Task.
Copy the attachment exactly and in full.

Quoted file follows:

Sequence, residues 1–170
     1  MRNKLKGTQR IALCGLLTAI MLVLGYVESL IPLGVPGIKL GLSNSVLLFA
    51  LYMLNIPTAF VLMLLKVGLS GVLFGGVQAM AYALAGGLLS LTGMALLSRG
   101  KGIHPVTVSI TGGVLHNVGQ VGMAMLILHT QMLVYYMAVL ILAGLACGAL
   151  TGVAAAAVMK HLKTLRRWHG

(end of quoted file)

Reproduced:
Sequence, residues 1–170
     1  MRNKLKGTQR IALCGLLTAI MLVLGYVESL IPLGVPGIKL GLSNSVLLFA
    51  LYMLNIPTAF VLMLLKVGLS GVLFGGVQAM AYALAGGLLS LTGMALLSRG
   101  KGIHPVTVSI TGGVLHNVGQ VGMAMLILHT QMLVYYMAVL ILAGLACGAL
   151  TGVAAAAVMK HLKTLRRWHG